Handling Rejection (2021)
Robert Wurtz II
“Those who hate me without a cause are more than the hairs of my head; They are mighty who would destroy me, Being my enemies wrongfully; Though I have stolen nothing, I still must restore it” (Psalms 69:4 NKJV).
“But this happened that the word might be fulfilled which is written in their law, ‘They hated Me without a cause'” (John 15:25 NKJV).
“But I say unto you, That whosoever is angry with his brother without a cause shall be in danger of the judgment” (Matthew 5:22a KJV).
There are times in life when we perceive that a person has “ought against us” while, in fact, they simply don’t like us. If we are to avoid feelings of what is commonly called “condemnation” (caused by worrying about how people feel about us), we must distinguish between offense and dislike. One of the hardest things to come to terms with is that some people will dislike you no matter what you do.
When a person behaves in such a way that leads us to believe that we have offended them, it should be our Christian instinct to go to them for reconciliation. However, when the person who acts offended can think of no reason why they feel as they do… my experience is that it’s typically because they don’t like you or don’t like something you stand for. They reject you and may not even know why.
Rejected by a Feeling
What complicates the issue is when the “spiritual” folks among us contend that they discerned something about us that justifies their behavior towards us. These types generally mistake things they like for “being anointed” and things they dislike as “being carnal or demonic.” It is false discernment and can be as destructive as a false prophecy. Granted, there are legitimate and Biblical reasons for disfellowshipping people outlined in the epistles (typically gross sin). This is not what I am referring to. Yet it’s foolish at best and fraudulent at worst to reject a person based on a goosebump or a weird notion when they walked by. God enables us to discern sinful behavior, but He does not allow us to reject people because they strike us wrong or something similar.
The psalmist understood these things. He wrote, “Those who hate me without a cause are more than the hairs of my head; They are mighty who would destroy me, Being my enemies wrongfully.” Talk about rejection! The people who hated him had no good reason for it. If you asked them, they probably couldn’t tell you why they felt like they did. Jesus experienced it as well as we read, “But this happened that the word might be fulfilled which is written in their law, ‘They hated Me without a cause’ ” (John 15:25 NKJV).
Have you ever tried to propitiate a person who hated you without cause? I mean, the world would probably call it “trying to buy love.” I have spent hundreds if not thousands of dollars in my life trying to do what the psalmist described saying, “Though I have stolen nothing, I still must restore it.” Pentecostal handshakes, taking people out to dinner, and covering the cost are a few examples of this type of thing. It’s like we sense that if we can find the right gift, they will stop acting as if we have offended them. In my experience, it doesn’t work long-term. What happens? You buy them gifts and things seem to be better. However, when the gifts stop, typically, the relationship sours again. This is very similar to the concept of cupboard love.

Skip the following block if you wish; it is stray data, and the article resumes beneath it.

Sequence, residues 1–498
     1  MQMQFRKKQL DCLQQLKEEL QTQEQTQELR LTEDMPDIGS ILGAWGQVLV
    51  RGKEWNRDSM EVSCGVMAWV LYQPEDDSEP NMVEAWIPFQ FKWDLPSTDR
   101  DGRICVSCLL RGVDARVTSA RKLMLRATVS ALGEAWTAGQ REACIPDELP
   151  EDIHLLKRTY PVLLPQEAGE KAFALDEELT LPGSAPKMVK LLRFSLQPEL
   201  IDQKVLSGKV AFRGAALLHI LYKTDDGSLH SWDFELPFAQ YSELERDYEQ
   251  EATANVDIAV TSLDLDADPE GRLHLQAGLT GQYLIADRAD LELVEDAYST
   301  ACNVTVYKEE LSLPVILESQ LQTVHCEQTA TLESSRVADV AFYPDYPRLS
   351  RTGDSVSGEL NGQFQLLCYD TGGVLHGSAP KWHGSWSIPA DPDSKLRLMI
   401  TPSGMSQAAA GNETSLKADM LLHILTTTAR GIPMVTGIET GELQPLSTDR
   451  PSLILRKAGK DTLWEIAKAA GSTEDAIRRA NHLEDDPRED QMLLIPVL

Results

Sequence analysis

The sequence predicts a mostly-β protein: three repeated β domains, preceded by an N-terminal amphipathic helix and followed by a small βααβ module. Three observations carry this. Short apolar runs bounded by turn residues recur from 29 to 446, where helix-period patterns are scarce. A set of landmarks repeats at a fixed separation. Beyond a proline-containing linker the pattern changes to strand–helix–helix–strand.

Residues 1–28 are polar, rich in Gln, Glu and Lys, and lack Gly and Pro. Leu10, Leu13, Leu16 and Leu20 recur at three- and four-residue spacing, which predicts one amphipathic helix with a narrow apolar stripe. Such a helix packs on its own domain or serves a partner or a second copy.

It’s not unusual for the world to be selective in who they do and don’t like or love. Those itching to say that we can love someone and not have to like them, have you ever tried it? What are you saying? “I love you… but I really can’t stand you?” Nonsense. That is a copout. What if God loved us in that way? God demonstrated His love towards us.
Notice what Jesus said, “But I say unto you, That whosoever is angry with his brother without a cause shall be in danger of the judgment” (Matthew 5:22a KJV). Angry without a cause? Newer translations omit “without cause,” but it’s a Greek word that means in vain. How can you or I be angry in vain unless we dislike or hate the person? We give “the benefit of the doubt” to people we love and would never be angry at them over trivial matters. So if we are angry at our brother or sister without cause, we have to face the facts — we are angry, and we don’t know why. Could it be hatred?
I suggest that the reason why people (even professing Christians), who are angry with their brother or sister without a cause, shall be in danger of the judgment — is that it’s simply veiled hatred. And it’s not acceptable. Our instinct towards people should always be love and kindness. When there’s been an offense — there should be reconciliation.
When a Christian rejects reconciliation (all things being biblical), they forfeit their Christianity card in my book. Why? Because it is unbecoming of a Christian to reject a fellow brother or sister without cause. The consequence of “behaving as if you have been offended when you have not” is that it will be revealed and dealt with in the judgment. We will not get by with rejecting the very people God had commanded us to love. “By this shall all men know that you are my disciples if you have love one to another” (John 13:35).
What can we say in the final analysis? If people hated the psalmist and Jesus without cause… they will hate you and me without cause. But it ought never to be in the kingdom of God. May we never be guilty of disliking and rejecting the very people that we are commanded to love.
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